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Switzerland men's national ice hockey team

The Switzerland men's national ice hockey team (German: Schweizer Eishockeynationalmannschaft; French: Équipe de Suisse de hockey sur glace; Italian: Nazionale di hockey su ghiaccio della Svizzera) is a founding member of the International Ice Hockey Federation (IIHF) and is controlled by the Swiss Ice Hockey Federation. As of 2018 the Swiss team was ranked 7th in the world by the IIHF. From a bronze medal at the 1953 World Championships until the silver medal of 2013 and 2018. Switzerland did not win a medal at a major senior ice hockey tournament, coming close in 1992 and 1998, when they finished in 4th place at the World Championships both years.

Switzerland
Shirt badge/Association crest
The Swiss badge based on the coat of arms of Switzerland is the badge used on the players jerseys.
Nickname(s)La Nati, Die Nati, Eisgenossen
AssociationSchweizerischer Eishockeyverband
General ManagerRaeto Raffainer
Head coachPatrick Fischer
AssistantsTommy Albelin
Peter Mettler
Christian Wohlwend
CaptainRaphael Diaz
Most gamesIvo Rüthemann (233)
Top scorerJörg Eberle (79)
Most pointsJörg Eberle (142)
Team colors              
IIHF codeSUI
Switzerland national hockey team jerseys 2017.png
Ranking
Current IIHF7 Increase 1 (21 May 2018)[1]
Highest IIHF2 (first in 2018)
Lowest IIHF9 (first in 2003)
First international
Great Britain  3–0   Switzerland
(Chamonix, France; 23 January 1909)
Biggest win
Switzerland   23–0  Yugoslavia
(Zurich, Switzerland; 4 February 1939)
Biggest defeat
Canada  33–0   Switzerland
(Chamonix, France; 30 January 1924)
IIHF World Championships
Appearances67 (first in 1930)
Best resultSilver medal.svg (1935, 2013, 2018)
European Championships
Appearances8 (first in 1910)
Best resultGold medal.svg (1926)
Olympics
Appearances14 (first in 1920)
MedalsBronze medal.svg (1928, 1948)
International record (W–L–T)
519–619–125
Medal record
Olympic Games
Bronze medal – third place 1928 St. Moritz Team
Bronze medal – third place 1948 St. Moritz Team
World Championship
Silver medal – second place 1935 Switzerland
Silver medal – second place 2013 Sweden/Finland
Silver medal – second place 2018 Denmark
Bronze medal – third place 1930 Austria/France/Germany
Bronze medal – third place 1937 Great Britain
Bronze medal – third place 1939 Switzerland
Bronze medal – third place 1950 Great Britain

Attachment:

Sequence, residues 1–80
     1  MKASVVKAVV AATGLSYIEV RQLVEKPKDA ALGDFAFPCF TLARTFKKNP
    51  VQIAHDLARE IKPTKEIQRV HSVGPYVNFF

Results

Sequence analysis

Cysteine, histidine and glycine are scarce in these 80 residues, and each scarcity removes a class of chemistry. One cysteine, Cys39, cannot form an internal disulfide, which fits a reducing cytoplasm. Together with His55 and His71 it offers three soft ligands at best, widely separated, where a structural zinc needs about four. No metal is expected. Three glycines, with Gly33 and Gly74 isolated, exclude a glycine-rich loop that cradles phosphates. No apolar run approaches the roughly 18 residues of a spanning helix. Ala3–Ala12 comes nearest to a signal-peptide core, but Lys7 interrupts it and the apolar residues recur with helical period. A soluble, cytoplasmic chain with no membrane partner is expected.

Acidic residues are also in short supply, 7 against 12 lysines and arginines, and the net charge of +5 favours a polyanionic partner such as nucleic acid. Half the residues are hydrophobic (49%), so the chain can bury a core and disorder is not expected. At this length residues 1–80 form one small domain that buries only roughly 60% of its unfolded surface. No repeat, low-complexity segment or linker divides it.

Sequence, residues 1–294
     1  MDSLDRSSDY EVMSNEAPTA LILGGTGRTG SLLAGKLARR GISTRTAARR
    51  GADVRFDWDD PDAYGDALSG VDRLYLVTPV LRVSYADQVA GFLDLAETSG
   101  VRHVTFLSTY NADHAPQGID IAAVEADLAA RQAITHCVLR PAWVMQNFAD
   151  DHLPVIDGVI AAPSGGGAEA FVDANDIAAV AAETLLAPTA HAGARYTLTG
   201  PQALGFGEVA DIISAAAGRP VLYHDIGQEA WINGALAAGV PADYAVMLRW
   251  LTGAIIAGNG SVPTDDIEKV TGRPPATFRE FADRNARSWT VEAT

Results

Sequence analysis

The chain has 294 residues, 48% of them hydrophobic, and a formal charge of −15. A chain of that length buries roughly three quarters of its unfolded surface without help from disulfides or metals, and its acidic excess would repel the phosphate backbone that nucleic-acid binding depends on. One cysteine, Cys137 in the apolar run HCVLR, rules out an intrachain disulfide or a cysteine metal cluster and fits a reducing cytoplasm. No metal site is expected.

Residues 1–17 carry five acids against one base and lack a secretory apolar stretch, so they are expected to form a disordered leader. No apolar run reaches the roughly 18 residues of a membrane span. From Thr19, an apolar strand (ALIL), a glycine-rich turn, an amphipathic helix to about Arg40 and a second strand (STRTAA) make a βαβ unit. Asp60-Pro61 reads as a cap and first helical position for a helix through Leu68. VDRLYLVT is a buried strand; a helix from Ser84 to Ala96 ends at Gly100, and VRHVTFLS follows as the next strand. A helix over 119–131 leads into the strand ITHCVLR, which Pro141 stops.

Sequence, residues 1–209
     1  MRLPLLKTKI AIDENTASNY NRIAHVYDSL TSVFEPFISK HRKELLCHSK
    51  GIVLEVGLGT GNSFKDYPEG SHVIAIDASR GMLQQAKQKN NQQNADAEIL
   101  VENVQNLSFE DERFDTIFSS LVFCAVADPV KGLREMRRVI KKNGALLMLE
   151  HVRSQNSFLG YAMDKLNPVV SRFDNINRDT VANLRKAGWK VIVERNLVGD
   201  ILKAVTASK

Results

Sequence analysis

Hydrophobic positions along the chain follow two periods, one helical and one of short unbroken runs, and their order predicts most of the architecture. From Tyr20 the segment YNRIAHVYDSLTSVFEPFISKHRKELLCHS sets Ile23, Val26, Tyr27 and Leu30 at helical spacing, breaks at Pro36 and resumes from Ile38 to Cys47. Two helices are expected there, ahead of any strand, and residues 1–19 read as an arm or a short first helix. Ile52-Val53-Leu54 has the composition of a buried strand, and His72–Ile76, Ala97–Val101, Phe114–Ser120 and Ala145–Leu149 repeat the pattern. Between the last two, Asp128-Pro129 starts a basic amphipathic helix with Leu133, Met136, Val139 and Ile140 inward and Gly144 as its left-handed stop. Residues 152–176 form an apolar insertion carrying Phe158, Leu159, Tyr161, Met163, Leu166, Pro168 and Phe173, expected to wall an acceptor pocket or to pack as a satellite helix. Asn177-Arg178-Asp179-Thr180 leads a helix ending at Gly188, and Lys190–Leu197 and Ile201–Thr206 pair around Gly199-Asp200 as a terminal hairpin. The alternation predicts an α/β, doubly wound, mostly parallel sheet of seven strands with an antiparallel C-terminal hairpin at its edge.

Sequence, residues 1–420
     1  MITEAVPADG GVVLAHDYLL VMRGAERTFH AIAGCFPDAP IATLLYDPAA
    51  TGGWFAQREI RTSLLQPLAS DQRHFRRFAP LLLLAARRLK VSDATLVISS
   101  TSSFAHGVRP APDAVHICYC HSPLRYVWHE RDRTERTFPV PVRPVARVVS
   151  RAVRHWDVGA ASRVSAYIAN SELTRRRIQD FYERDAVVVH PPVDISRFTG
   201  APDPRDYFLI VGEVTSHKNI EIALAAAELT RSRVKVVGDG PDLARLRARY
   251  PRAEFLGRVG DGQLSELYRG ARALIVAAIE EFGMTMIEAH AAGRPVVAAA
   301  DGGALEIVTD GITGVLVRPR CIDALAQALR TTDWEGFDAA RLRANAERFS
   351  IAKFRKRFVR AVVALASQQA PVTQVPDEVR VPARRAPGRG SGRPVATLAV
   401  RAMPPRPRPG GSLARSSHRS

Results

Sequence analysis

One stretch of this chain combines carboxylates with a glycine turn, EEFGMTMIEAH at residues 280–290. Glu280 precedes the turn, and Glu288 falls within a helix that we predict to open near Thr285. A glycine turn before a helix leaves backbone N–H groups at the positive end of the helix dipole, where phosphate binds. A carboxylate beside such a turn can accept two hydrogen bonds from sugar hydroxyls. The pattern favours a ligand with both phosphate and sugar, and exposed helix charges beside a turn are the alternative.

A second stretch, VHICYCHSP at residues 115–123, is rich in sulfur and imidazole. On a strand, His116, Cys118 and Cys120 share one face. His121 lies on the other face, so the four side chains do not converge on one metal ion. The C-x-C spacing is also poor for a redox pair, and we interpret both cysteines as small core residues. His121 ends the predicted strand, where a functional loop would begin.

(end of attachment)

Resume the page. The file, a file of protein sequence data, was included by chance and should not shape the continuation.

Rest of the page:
Bronze medal – third place 1951 France
Bronze medal – third place 1953 Switzerland
Pool B / Division I
Gold medal – first place 1971 Switzerland
Gold medal – first place 1986 Netherlands
Gold medal – first place 1990 France
Gold medal – first place 1994 Denmark

Before the 2013 IIHF World Championship, the Swiss national hockey team scored two historic upsets at the 2006 Winter Olympics in Turin, defeating the Czech Republic 3–2 and shutting out Canada 2–0 two days later. They finally fell to Sweden in the quarterfinals. At the 2010 Winter Olympics in Vancouver, the Swiss nearly stunned Canada again in round-robin play, taking the heavily favored Canadians to a shootout, which they lost 1–0 for a narrow 3–2 loss.

Contents

Tournament recordEdit

OverviewEdit

Rank Olympics World Championships European Championships Spengler Cup
1st 1926
2nd 1935 2013 2018 2017
3rd 1928 1948 1928 1930 1939 1950 1951 1953 1922 1924 1925 1932

1950

1967 1976
4th 1934 1947 1992 1998 1910 1911 1964 1968 1972 1974 1975
5th 1920 1952 1920 1933 1949 1952 2010 1923 1977 1978 1979
6th 2006 1938 1972↓ 2000 2017
7th 1924 1924 1954 1962↓ 1971(1.B)↑ 1991

2008

8th 1964 1988 2010 1955 1964↓ 1987↓ 1999 2003 2004

2005 2007 2015

9th 1956 2014 1956 1975(3.B) 1986(1.B)↑ 1990(1.B)↑

2001 2006 2009 2011

10th 1972 1992 2018 1963(2.B)↑ 1965(2.B) 1985(2.B) 2002 2014
11th 1976 2002 1961(3.B)↑ 1978(3.B) 1981(3.B) 2012 2016
12th 1959↓ 1970(6.B) 1976(4.B) 1989(4.B)

1993↓ 1995↓

13th 1936 1936 1973(7.B)↓ 1977(5.B) 1979(5.B)

1994(1.B)↑

14th 1966(6.B) 1982(6.B) 1983(6.B) 1996(2.B)
15th 1967(7.B)↓ 1974(1.C)↑ 1997(3.B)↑
16th 1969(2.C)↑
Other placings
dnp 1932 1960 1968

1980 1984 1994 1998

1931 1957 1958 1923–1963 1965–1966

1969–1971 1973 1980–2016

↑: promoted, ↓: relegated, (3.B): (rank.pool), dnp: did not participate

Olympic GamesEdit

Year Result
  1920 7th place
  1924 8th place
  1928   Bronze
  1932 did not participate
  1936 12th place
  1948   Bronze
  1952 5th place
  1956 9th place
  1960 did not participate